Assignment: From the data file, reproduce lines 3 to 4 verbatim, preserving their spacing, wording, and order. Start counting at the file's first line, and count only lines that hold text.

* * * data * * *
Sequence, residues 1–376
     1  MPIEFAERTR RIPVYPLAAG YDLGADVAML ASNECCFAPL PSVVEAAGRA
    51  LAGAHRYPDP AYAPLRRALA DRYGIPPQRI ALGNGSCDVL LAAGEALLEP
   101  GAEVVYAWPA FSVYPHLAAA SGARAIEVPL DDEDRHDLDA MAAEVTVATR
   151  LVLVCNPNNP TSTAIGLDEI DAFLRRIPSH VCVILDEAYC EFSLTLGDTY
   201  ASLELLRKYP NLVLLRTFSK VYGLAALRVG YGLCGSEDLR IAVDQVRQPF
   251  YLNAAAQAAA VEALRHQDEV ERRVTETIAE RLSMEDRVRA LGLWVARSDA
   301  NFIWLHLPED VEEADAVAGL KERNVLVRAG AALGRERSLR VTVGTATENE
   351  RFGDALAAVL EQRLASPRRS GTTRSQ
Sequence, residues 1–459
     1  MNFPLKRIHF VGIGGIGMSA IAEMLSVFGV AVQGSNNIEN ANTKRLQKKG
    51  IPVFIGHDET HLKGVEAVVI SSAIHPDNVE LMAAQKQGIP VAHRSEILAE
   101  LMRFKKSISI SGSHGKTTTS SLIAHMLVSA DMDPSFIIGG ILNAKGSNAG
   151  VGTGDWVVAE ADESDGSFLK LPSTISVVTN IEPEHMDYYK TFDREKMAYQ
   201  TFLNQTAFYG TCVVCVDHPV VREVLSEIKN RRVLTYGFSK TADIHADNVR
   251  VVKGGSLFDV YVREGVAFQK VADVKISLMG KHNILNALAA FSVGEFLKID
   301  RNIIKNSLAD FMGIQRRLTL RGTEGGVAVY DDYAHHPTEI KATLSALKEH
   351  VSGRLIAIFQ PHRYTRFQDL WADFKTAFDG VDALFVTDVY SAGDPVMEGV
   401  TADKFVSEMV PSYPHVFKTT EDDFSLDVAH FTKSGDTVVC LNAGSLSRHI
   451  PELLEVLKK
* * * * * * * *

    51  LAGAHRYPDP AYAPLRRALA DRYGIPPQRI ALGNGSCDVL LAAGEALLEP
   101  GAEVVYAWPA FSVYPHLAAA SGARAIEVPL DDEDRHDLDA MAAEVTVATR